Biostratigraphic and lithostratigraphic analyses of surface and subsurface sediment samples from latest Cretaceous and earliest Tertiary formations of the New Jersey Coastal Plain have resulted in a new interpretation of the stratigraphy of this sequence. Five formations are recognized and one of these, the New Egypt Formation, is newly described. The Navesink, Tinton, Hornerstown, and New Egypt Formations lithologically are characterized by a great abundance of the mineral glauconite, which occurs principally as sand-size grains. In contrast, the Redbank Formation is a quartz sand. Two new members of the Redbank Formation are recognized, a lower Sandy Hook Member and an upper Shrewsbury Member.

Four planktonic foraminiferal assemblage zones are established in this stratigraphic sequence. The Navesink Formation is of late Early or Middle Maestrichtian age and contains the Globotruncana fornicata—Globotruncana tricarinata Assemblage Zone. The Late Maestrichtian Redbank Formation contains the Globotruncana contusa—Hedbergella monmouthensis Assemblage Zone. The Globorotalia compressa—Globigerinoides daubjergensis (Early Paleocene or Danian) and the Globorotalia angulata (Late Paleocene to Early Eocene) Assemblage Zones are present in the Hornerstown Formation. The occurrence of all of these zones in the New Egypt Formation demonstrates the facies relationship which exists between this formation and the other formations considered in this paper.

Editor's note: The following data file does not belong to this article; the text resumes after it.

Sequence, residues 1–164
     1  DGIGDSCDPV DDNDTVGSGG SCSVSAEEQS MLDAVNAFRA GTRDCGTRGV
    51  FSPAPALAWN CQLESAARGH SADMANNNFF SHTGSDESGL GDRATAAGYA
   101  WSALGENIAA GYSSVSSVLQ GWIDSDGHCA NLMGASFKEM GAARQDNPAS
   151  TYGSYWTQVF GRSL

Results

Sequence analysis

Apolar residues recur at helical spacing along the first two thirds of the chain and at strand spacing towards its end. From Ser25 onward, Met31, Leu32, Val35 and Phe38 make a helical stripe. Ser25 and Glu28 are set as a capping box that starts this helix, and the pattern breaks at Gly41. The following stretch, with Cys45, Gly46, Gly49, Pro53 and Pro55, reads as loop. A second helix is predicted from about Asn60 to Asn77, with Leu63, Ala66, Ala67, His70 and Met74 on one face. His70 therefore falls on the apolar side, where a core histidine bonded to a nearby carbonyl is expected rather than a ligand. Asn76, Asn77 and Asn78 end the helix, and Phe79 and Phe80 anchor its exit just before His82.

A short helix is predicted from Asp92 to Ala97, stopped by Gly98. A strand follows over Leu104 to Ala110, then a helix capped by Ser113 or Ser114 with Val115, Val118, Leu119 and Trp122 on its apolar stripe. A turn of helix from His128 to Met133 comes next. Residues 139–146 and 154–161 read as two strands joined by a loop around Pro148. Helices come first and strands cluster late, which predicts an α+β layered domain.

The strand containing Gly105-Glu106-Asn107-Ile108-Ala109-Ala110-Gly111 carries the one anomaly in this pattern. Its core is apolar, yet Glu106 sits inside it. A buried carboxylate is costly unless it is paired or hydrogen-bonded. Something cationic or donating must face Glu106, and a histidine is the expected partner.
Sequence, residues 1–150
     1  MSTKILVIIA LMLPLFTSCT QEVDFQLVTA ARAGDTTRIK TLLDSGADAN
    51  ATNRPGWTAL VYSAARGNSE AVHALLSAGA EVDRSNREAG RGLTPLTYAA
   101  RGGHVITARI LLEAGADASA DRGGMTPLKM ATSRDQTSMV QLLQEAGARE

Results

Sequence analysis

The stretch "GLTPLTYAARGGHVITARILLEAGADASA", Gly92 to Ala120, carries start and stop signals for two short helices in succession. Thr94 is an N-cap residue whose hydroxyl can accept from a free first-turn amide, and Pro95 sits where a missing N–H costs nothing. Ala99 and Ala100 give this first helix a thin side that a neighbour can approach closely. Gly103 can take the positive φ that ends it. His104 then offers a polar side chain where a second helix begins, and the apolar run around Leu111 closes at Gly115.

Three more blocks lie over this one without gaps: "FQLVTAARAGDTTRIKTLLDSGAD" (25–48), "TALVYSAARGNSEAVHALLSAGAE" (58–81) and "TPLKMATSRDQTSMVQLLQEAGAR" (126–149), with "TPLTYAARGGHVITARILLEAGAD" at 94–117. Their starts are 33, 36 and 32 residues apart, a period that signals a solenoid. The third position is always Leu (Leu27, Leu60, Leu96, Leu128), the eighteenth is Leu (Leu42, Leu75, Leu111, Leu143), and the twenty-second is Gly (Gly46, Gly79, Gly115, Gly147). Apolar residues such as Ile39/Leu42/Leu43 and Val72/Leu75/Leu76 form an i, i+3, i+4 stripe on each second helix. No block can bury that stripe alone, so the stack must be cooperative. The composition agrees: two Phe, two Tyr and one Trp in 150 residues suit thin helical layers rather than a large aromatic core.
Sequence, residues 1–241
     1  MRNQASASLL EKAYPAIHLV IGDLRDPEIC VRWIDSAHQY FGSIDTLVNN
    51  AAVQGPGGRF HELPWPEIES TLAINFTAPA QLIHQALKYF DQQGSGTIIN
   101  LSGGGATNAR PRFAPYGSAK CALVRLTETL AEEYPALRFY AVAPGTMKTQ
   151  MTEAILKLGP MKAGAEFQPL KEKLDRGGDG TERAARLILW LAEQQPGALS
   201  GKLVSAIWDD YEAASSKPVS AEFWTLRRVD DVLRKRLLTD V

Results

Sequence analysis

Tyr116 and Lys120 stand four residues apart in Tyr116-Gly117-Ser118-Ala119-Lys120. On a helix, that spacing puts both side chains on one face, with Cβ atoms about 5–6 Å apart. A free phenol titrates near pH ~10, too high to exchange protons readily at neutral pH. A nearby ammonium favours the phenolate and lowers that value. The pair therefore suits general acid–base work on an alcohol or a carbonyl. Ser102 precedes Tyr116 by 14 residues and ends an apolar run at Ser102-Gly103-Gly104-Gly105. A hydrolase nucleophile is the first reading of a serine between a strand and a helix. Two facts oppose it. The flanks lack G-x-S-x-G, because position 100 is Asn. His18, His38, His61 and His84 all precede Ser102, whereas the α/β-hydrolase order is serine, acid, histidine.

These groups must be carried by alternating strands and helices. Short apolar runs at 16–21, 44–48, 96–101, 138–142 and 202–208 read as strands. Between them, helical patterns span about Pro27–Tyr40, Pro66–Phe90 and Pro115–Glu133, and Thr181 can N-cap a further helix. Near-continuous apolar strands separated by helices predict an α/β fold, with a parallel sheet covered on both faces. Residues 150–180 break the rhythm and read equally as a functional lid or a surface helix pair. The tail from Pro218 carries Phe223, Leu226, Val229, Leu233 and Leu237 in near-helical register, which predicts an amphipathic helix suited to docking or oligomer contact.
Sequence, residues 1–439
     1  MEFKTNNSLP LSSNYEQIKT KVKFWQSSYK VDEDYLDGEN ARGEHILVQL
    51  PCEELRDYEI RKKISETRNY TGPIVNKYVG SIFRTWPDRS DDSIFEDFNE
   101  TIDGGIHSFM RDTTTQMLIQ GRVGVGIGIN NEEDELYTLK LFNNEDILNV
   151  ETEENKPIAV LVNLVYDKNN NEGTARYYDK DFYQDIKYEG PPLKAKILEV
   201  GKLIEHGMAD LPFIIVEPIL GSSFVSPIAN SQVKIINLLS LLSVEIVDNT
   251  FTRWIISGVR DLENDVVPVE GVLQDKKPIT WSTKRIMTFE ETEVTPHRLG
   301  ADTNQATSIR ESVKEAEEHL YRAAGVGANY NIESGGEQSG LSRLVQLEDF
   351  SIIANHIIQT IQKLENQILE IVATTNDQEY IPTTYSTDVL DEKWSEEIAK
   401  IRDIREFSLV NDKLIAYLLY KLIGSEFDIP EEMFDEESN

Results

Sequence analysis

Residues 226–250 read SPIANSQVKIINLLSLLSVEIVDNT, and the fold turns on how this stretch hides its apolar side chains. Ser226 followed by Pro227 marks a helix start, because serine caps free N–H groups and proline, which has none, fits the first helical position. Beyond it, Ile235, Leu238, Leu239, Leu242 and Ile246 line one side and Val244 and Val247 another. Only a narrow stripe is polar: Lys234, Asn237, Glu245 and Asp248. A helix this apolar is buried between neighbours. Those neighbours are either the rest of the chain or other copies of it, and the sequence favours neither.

A single cycle of glauconite deposition occurred throughout latest Cretaceous and earliest Tertiary time. The cycle was interrupted locally by influx of the Redbank quartz clastics but adjacent to the site of quartz sand deposition glauconite accumulated continuously. Paleoecological data indicate deposition of this sequence in shallow mid-neritic depths of water. There is no convincing evidence of a Cretaceous-Tertiary unconformity, but in contrast most of the evidence suggests continuous deposition from Cretaceous into Tertiary time. The New Egypt Formation is interpreted as a seaward facies of the more varied nearer-shore facies represented by the Navesink, Redbank, Tinton, and Hornerstown Formations.

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